The global canned food market has been forecast to increase at a compound annual growth rate (CAGR) of 3.5% over the next seven years, increasing from a value of approximately $77.2 billion at the beginning of 2013, to hit a market value of $99.7 billion by 2020.
Canning is a method of preserving food in which the food contents are processed and sealed in an airtight container. Canning provides a typical shelf life ranging from one to five years, although under specific circumstances a freeze-dried canned product, such as canned, dried lentils, can last as long as 30 years in an edible state.
Though tastes of consumers as regards food are highly varying, there is hardly any difference in the qualities that they value. Topping the list of consumer demands for foods and packaging are freshness, ingredients of superior quality, convenience and eco-friendliness. The humble can is able to provide all of these, though consumer perception regarding the same is very low.
Although the canned foods market has traditionally benefitted from economic downturns, it has failed to profit from the current crisis. This is because the majority of consumers are now accustomed to a certain degree of luxury in their lives, which they are proving reluctant to give up, in spite of strained finances. Although they cannot afford to dine out, many still want to treat themselves and are buying premium grocery products in the chilled and frozen food aisles instead.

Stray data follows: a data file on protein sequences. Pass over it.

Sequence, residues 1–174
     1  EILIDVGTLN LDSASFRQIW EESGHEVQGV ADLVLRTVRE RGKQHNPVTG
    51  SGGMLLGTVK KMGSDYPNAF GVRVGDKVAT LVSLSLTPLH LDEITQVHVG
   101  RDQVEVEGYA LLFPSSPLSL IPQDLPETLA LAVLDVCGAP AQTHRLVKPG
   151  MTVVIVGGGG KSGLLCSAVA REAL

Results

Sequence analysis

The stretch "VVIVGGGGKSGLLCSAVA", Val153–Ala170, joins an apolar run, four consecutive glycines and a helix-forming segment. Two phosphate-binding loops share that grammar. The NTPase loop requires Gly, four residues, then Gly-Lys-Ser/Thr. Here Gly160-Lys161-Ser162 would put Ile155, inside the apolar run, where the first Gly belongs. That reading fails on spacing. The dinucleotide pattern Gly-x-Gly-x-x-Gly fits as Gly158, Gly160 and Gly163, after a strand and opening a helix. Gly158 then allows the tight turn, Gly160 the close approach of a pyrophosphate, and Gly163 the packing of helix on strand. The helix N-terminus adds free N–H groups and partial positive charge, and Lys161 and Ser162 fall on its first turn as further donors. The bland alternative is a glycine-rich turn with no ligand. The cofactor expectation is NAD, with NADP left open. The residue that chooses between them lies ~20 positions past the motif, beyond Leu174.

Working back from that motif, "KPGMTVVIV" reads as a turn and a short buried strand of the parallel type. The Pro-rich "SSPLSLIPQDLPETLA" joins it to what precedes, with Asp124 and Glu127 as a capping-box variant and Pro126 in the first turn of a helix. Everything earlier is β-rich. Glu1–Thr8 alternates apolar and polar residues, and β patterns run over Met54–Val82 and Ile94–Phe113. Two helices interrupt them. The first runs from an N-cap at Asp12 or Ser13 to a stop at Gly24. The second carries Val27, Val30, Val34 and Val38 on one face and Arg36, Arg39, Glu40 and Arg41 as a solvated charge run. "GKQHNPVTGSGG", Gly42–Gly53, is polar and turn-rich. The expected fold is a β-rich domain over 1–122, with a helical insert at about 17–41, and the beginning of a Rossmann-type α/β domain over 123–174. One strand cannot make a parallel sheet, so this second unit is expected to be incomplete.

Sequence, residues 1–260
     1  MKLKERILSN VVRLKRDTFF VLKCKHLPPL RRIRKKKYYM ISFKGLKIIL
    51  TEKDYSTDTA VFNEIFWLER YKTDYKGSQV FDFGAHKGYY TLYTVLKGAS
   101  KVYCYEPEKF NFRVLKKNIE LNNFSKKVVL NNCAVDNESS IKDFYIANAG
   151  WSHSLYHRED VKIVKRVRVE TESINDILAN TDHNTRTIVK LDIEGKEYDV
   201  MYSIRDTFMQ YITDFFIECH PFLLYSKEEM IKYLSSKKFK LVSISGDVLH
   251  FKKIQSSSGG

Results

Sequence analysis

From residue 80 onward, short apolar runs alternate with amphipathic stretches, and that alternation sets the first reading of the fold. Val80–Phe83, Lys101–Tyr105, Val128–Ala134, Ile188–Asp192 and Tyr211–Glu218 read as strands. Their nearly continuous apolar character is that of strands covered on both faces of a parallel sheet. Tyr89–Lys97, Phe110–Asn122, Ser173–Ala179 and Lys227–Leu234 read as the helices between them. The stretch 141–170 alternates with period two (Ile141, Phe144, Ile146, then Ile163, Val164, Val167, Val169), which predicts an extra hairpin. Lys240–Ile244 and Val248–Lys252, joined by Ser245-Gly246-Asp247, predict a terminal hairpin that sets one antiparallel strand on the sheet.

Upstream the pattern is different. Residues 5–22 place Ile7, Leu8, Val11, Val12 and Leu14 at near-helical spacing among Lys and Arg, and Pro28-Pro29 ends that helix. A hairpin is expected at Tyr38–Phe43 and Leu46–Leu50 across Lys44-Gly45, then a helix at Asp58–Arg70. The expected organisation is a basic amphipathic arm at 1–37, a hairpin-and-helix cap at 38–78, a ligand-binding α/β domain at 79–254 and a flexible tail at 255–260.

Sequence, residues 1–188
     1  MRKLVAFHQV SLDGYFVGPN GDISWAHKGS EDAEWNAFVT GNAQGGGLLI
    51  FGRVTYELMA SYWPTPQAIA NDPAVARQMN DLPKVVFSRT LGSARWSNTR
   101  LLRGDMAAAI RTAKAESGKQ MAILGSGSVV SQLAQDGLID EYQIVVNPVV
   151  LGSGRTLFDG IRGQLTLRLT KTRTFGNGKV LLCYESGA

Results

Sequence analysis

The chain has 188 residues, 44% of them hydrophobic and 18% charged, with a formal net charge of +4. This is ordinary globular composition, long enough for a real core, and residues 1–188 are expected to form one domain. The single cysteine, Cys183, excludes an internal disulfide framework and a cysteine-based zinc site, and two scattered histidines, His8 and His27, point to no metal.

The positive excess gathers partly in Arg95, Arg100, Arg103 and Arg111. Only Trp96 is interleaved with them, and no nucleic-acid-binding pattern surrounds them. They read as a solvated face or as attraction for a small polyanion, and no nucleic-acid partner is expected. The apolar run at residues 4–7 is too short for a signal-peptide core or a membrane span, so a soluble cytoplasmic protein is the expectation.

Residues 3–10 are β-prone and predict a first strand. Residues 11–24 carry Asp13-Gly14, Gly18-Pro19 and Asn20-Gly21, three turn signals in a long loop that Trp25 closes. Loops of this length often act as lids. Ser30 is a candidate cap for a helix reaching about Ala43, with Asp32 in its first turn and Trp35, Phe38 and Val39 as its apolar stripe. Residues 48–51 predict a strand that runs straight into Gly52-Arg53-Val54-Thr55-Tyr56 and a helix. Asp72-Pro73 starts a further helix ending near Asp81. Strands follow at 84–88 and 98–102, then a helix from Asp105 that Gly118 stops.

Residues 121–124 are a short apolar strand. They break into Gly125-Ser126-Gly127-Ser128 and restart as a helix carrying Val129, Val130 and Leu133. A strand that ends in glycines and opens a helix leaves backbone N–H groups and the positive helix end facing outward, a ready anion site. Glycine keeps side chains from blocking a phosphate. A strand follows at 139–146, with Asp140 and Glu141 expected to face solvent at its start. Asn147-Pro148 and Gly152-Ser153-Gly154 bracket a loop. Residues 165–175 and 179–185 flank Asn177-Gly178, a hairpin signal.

Within the ambient sector, pouches and jars have gained popularity at the expense of tin cans, which are deemed to be of poorer quality. Moreover, tin is becoming increasingly expensive, due to rising global demand and depleting stockpiles. As a result, more and more manufacturers are focusing their innovation on alternative formats rather than new product development (NPD) in the canned foods industry. This has failed to add dynamism and revive the market.
The fastest growing category was canned fish, as a result of a rise in fish consumption, improvements in sustainably-sourced products and an influx of value-added products within the sector. Moreover, consumers are using canned fish to prepare packed lunches and make dinner in order to save money. The canned vegetables sector also rose in value; these products are used by consumers as ingredients in dishes or to accompany a main course, as consumers cook at home to economise.
In the last year, sales of canned goods grew in the UK by 4.6% - that's 1% higher than the total grocery market, which grew by just 3.6%.
A store-cupboard staple, 99.2% of the UK population (26.2 million households) buy into the canned goods market which is higher than the number of households that buy into the total frozen market, cheese, alcohol and fresh meat categories combined.
Manufacturers have been keen to introduce healthy and nutritious solutions that keep consumers fuller for longer. An emphasis on a product's contribution to consumers' 'five-a-day' is being used to encourage sales of canned foods that otherwise may be overlooked by the health-conscious consumer.
For more information on the global canned food sector, see the latest research: Global Canned Food Sector
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